From February 1-3rd, the 21st class of Mansfield Fellows traveled to Nagasaki on a trip sponsored by both the National Personnel Authority and the City of Nagasaki. We had a behind-the-scenes tour of the airport, a sobering and moving visit to the Nagasaki Atomic Bomb Museum, the Peace Park, the Nagasaki Museum of History and Culture, Dejima where the Dutch traders lived, Mount Inasa, Glover Garden, Oura Church, and Urakami Cathedral. We also paid a courtesy visit to the Mayor of Nagasaki, Tomihisa Taue-sensei.
In 1955, ten years after the dropping of the atomic bomb, Louis W. Hill Jr., grandson of Minnesota railroad baron James J. Hill, reached out to the city of Nagasaki to create the first sister city relationship between American and Japanese cities. On December 7th, 1955 Nagasaki and St. Paul became sister cities.
I was born in St. Paul and spent the first 10 years of my life there (only to move a short distance away). I remember visiting the James J Hill house, now registered as a National Historic Landmark. During the holidays, actors would dress in period costume to give tours and bring us back in time. Little could I imagine that many years later I would be in the office of the Mayor of Nagasaki, shaking his hand in recognition of the bond between his city and my hometown, that Mr. Hill’s grandson helped bring about.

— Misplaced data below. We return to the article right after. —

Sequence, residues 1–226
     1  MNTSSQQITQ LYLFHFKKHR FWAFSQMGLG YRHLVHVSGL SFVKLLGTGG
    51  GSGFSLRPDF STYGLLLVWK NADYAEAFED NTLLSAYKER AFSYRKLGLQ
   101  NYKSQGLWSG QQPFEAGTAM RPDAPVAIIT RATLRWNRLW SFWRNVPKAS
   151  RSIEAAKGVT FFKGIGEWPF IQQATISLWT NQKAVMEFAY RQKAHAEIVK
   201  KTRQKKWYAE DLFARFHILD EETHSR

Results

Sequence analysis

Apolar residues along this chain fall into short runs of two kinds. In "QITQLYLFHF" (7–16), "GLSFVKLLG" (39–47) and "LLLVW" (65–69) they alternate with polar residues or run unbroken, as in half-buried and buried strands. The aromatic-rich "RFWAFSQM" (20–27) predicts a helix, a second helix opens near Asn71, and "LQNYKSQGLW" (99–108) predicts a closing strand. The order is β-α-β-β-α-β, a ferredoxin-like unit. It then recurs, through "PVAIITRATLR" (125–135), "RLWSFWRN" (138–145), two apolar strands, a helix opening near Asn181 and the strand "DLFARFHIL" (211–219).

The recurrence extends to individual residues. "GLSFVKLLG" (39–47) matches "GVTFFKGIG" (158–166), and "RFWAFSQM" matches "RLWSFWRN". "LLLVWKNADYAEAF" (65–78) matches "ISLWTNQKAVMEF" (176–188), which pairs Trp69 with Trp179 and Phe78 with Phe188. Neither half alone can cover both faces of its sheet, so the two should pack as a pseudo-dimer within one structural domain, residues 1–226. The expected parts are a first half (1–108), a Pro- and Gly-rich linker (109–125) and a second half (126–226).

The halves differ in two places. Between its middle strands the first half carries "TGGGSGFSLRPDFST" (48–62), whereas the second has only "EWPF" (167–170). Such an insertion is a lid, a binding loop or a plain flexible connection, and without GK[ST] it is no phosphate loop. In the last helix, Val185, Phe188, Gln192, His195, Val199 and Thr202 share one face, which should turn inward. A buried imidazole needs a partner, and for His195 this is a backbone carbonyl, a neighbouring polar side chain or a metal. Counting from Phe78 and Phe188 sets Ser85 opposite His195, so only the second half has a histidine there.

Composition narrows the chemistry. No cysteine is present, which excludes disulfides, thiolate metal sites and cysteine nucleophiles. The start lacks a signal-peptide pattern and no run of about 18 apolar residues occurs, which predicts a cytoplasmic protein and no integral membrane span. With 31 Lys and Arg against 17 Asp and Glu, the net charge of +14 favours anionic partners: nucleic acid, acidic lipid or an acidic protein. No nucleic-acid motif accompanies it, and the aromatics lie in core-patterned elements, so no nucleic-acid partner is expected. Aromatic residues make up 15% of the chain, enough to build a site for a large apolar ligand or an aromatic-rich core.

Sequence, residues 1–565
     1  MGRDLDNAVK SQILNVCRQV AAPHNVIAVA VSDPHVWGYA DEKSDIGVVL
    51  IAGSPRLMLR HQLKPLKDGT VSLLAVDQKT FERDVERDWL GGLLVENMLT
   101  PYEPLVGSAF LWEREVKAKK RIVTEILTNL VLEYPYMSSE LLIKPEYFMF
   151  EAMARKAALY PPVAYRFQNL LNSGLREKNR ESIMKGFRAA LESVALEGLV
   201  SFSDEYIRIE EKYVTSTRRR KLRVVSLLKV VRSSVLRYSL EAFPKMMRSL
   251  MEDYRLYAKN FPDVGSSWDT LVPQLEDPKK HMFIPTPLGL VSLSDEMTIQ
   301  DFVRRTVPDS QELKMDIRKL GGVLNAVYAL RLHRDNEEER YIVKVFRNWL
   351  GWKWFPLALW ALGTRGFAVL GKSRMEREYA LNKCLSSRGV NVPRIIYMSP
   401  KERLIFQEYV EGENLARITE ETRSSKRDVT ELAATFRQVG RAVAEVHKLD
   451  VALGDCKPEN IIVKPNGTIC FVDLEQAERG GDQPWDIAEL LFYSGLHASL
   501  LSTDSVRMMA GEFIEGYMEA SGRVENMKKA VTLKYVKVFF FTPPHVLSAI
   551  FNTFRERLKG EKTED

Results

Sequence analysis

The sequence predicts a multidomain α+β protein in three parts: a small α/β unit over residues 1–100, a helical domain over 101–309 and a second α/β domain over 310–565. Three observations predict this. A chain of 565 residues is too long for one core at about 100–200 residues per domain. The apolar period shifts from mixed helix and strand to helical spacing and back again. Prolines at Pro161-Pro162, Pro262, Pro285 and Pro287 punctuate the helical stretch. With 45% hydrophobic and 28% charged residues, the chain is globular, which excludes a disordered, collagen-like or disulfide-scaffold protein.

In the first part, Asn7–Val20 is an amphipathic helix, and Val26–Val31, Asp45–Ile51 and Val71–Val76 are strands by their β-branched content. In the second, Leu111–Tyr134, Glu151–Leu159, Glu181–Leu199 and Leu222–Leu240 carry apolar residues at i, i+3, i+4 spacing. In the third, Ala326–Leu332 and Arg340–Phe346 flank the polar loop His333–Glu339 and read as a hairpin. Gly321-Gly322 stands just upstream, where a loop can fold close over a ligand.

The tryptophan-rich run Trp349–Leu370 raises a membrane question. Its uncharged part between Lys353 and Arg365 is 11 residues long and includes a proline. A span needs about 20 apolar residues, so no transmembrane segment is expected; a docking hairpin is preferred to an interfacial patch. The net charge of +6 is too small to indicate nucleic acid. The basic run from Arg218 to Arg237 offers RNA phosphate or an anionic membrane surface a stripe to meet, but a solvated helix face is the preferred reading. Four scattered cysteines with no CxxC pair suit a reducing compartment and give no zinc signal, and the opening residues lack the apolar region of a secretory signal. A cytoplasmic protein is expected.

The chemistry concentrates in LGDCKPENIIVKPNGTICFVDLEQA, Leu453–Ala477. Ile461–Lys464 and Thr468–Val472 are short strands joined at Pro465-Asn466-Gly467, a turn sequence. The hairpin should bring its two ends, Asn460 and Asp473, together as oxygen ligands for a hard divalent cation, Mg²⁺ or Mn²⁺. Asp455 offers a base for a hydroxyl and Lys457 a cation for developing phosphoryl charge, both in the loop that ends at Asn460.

For 218 years, starting in the 1630’s, Japan was closed to the world through a policy called “sakoku“, a policy of national isolation. All trade was banned, except for one single port: Nagasaki. I’m piecing this history together very quickly after a 3-day trip and consulting some websites, so please do your own investigation into this fascinating history. I believe all trade had to be conducted at Dejima, an island in the port of Nagasaki, which was created specifically for this purpose.
We were also fortunate to be visiting Nagasaki during the Lantern Festival, which is held during the Chinese New Year.